What I am getting at is that it is not really panic among consumers that drive this economic phenomenon; it is a reaction to a  reaction to what everyone else will do combined with the fear that if you don’t buy extra product and everyone else does, there may be nothing left and you’ll miss-out on the rush.

Economic events, like most events involving large groups of people interacting with one another, are usually a lot more complicated than they seem at first glance. It’s cheap (with a high payoff) to drum-up fear by reporting that guns are running out to the gun-lovers and that lots more people are buying guns to the gun-haters and then manhandle it to make some larger political point. I’m here to tell you that it’s usually bullshit and we’re all smarter than that.

Wednesday, December 12, 2012

Birmingham Underground Part 2

by M. David Hornbuckle

Birmingham is rife with subcultures that fly under the radar of most people. In this series, the Birmingham Free Press pulls the lid off this underground world and lets you take a peek inside.


Birmingham By Night


Photo by Lachlan Donald

LARP stands for Live Action Role Play. This is sort of a cross between the Society for Creative Anachronism and Dungeons & Dragons. Participants describe it as a kind of improvisational theater with a strategy game element to it. Larping has been around since the 1970s, but it’s had a resurgence in recent years that coincides with the increasing popularity of vampire, werewolf, and zombie stories in popular culture.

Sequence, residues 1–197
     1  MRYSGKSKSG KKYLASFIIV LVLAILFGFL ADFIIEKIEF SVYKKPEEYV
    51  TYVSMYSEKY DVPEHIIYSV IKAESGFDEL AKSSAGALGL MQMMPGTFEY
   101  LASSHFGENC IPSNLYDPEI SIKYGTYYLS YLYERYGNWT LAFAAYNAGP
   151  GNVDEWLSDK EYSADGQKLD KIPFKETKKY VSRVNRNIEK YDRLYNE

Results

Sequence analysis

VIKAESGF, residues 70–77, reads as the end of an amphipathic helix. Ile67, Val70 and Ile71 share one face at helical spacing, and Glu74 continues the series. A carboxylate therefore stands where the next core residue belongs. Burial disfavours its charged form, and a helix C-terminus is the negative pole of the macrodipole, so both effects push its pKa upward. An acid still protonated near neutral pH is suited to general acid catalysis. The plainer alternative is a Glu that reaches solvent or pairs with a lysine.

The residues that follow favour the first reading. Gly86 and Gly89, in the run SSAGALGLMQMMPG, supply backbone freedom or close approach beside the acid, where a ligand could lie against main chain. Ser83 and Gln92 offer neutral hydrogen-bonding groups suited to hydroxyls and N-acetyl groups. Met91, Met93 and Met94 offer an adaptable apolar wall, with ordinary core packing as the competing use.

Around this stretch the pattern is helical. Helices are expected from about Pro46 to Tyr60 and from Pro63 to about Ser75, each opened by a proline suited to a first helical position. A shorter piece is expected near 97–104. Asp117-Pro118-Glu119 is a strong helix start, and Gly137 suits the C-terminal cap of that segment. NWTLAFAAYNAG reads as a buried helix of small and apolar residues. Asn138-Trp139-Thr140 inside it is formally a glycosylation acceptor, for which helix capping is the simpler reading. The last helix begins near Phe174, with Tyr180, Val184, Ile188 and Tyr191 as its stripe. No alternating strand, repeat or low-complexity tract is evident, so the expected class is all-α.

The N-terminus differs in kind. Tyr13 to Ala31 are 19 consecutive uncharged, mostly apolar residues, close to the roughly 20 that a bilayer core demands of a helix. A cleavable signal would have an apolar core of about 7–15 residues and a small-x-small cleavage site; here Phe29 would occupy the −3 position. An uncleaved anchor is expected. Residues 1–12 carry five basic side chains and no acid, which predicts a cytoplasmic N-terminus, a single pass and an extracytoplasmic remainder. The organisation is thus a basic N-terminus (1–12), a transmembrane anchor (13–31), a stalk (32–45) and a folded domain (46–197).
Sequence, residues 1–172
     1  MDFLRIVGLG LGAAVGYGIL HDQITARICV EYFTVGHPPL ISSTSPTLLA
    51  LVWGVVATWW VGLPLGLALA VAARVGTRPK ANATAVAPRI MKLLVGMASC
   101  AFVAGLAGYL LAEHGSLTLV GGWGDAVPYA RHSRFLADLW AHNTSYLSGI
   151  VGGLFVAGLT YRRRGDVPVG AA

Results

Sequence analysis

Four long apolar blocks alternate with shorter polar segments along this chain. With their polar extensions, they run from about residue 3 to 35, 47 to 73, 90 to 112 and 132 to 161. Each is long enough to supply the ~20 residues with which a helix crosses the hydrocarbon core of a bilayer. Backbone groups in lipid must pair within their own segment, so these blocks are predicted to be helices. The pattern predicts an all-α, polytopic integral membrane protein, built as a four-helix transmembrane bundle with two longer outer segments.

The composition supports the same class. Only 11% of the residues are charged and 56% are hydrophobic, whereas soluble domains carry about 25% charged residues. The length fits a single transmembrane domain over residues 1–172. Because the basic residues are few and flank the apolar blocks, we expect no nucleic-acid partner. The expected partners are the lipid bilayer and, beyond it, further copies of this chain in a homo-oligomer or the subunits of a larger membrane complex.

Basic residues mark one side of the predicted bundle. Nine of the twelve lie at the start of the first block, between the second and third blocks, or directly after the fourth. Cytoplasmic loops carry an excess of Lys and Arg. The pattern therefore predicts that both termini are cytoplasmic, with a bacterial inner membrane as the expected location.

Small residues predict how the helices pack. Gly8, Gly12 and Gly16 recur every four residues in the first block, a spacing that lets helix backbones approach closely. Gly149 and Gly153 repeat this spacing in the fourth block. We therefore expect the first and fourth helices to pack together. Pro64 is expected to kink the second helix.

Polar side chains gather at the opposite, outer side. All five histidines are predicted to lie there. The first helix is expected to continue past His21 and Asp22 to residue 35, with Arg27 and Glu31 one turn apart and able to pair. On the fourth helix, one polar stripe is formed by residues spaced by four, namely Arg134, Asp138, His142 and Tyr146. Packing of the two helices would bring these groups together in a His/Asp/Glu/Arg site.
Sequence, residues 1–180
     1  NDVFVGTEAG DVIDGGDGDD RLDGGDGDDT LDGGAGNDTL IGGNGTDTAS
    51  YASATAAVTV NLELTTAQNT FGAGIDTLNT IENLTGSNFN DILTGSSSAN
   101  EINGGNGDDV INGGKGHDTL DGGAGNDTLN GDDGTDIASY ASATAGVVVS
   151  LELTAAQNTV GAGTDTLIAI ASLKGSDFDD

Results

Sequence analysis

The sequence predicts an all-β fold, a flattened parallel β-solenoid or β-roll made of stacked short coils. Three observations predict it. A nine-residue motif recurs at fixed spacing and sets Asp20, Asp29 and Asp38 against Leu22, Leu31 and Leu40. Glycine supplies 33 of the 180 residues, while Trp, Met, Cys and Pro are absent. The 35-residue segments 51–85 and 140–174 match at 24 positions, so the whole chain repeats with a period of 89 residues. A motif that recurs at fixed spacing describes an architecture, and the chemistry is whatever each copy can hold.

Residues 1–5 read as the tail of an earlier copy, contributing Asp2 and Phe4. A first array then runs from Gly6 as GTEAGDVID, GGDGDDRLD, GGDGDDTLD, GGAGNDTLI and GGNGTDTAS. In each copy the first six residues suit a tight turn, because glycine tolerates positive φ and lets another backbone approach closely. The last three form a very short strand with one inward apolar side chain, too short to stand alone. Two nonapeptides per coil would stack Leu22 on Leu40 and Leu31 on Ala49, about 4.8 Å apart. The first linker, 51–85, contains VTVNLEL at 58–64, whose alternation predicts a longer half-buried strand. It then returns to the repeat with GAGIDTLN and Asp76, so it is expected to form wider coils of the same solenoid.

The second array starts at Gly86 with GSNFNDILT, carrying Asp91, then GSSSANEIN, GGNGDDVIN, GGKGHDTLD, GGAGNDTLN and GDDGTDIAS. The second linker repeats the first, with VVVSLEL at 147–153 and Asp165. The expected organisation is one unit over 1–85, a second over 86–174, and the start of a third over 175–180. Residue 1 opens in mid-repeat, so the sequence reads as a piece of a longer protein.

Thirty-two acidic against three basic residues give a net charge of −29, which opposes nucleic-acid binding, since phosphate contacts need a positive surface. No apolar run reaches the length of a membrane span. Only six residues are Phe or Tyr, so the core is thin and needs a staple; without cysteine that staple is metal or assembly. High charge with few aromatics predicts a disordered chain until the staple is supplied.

Like D&D, Larps are often based on published games that are customized by a “storyteller” to the particular setting where they will be played. For example, Birmingham by Night is a larp based on the World of Darkness, a fictional universe created by White Wolf Gaming Studio, but the head storyteller James Strader has developed this game so that the city of Birmingham plays an integral role. Strader says, “Birmingham by Night is set up as a political game. Characters use all types of political maneuvering to gain power and control while other players become pawns either willingly or unwillingly to those characters who can ‘work the system’ all the while keeping their supernatural existence from being discovered by normal human beings…We used some real life facts to explain things about the supernatuals of Birmingham like the Yielding family and the McWanes.”

Some local larps like Magic City Nightmares charge fees to play. By contrast, Birmingham by Night is free, although you do still need to buy some books to understand the complexity of the characters you will play and play against. Strader says, “We have the support of Legion; the owner Paul Stewart does not charge us to play there, which is awesome. I have been running larps for a very long time. It is a passion of mine, and I feel that a free game attracts more players and a lot of first time players who would be hesitant because of a pay for play issue. My opinion I guess would be that the books you will need are expensive enough so why add an expense? My goal is to see people have fun and not have to sit at a computer to do it.”